Putin promises ‘freedom and justice’ while opposition takes to streets

A protest against President Vladimir Putin was held Saturday in many places including in Murmansk, Northwestern Russia. (Atle Staalesen/The Independent Barents Observer)
We must build a free and just society, Vladimir Putin underlined in Monday’s inauguration speech. But the young protesters who this weekend rallied in the streets of Murmansk and other Russian cities do not believe him.

“Putin must go!”, protesters shouted as they this Saturday assembled in downtown Murmansk. About 200 people took part in the rally, which was organized by followers of opposition political Aleksey Navalny. Similar protests took place all over the country.

Led by local activist Violetta Grudina, the protesters moved from the local park at Leningradskaya Street to the nearby central square.

“We are meeting to express our discontent with the position of the current rulers to the people, the injustice, the censorship, bad healthcare and the inauguration of Putin”, says Dmitry, one of the young protesters who attended the gathering.

As the Barents Observer met him ahead of the rally, he was confident that it would end with a police crack-down and that he might end up in jail.

Trucks with riot police were spotted in a nearby back street, but the protesters were ultimately left alone and it all proceeded quietly.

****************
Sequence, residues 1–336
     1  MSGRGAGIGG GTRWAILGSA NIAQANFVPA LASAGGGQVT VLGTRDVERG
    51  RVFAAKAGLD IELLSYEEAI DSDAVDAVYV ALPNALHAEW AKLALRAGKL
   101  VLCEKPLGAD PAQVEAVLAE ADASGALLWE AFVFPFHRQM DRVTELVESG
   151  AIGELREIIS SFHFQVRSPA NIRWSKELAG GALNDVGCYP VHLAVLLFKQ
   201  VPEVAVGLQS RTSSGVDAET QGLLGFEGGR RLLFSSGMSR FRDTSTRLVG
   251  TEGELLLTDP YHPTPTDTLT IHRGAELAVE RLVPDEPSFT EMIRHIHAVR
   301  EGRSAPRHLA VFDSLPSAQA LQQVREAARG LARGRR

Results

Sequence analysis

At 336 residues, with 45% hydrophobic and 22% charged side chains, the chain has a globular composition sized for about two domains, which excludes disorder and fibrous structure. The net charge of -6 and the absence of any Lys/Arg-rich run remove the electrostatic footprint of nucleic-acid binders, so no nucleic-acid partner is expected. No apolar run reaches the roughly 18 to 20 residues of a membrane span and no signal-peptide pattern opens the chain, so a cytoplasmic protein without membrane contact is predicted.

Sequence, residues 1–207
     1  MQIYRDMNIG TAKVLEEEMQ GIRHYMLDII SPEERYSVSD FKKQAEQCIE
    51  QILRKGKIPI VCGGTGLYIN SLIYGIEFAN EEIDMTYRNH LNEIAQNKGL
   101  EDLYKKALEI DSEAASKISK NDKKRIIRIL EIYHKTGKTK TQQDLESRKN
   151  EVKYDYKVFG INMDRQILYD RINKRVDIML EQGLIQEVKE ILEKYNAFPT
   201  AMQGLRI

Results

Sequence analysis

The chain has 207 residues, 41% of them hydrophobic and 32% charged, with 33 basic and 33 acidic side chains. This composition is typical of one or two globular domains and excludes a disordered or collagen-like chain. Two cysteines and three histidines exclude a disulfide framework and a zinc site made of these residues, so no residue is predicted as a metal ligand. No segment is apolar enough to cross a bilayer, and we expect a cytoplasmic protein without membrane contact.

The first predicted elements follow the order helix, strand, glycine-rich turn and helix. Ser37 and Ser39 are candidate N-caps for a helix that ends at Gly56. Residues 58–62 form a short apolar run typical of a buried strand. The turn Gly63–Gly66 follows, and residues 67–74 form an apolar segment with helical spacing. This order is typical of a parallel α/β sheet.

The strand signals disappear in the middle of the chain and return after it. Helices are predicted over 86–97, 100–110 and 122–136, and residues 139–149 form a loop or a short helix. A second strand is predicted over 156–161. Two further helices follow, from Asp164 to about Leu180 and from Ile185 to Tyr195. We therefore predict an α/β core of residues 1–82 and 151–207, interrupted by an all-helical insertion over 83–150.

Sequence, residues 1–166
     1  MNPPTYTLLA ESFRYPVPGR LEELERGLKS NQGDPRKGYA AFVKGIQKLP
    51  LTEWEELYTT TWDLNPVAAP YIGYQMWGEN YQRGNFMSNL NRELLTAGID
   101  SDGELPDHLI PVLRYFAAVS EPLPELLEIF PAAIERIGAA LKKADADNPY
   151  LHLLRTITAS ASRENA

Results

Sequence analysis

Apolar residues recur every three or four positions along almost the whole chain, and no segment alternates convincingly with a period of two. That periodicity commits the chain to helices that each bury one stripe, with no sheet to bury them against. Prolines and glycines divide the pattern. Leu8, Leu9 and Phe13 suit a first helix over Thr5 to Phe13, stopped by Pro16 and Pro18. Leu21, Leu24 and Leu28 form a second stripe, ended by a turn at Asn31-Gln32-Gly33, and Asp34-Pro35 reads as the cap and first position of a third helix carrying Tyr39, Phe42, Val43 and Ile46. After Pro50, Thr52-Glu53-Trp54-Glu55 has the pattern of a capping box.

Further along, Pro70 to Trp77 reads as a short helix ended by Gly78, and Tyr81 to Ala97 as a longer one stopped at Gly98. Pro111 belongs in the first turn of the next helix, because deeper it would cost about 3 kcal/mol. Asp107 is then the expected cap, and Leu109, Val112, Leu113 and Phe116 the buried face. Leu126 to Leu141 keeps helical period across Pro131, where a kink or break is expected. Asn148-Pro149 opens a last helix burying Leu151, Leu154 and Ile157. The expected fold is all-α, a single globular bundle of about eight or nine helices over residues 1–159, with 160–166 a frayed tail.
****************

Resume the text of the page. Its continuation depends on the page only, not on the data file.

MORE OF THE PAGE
A protester holds a paper plane during the rally in Murmansk. (Atle Staalesen/The Independent Barents Observer)
Putin takes appeasing tone

The country-wide rally took place as the Kremlin was preparing for the grand inauguration ceremony of the fourth-term president.

In his speech, Putin highlighted issues which might appease many of his critics.

Surrounded by the gold and extravagance of the Kremlin, Putin told the top brass of his country that he wants “a modern and dynamic Russia which energetically can take on the challenges of its time.”

He highlighted the democratic and civil rights laid down in the country’s Constitutions.

“In the harmonic unity of the free citizen, the responsible civil society and strong and capable democracy I see a solid basis for the development of Russia.”

“We need a breakthrough in all spheres of life, […] and I am deeply convinced that such breakthroughs can only be provided by a free society which accepts all things new and progressive and rejects injustice, stagnation, ignorant conservatism and bureaucratic inertia”, Putin said in the speech.

“Our priority is Russia for the people, a country of possibilities for the self-realization of every individual.”

Related stories from around the North:

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Russia: What does Putin’s re-election mean for Russia’s Arctic policy?, The Independent Barents Observer

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Atle Staalesen, The Independent Barents Observer

For more news from the Barents region visit The Independent Barents Observer.

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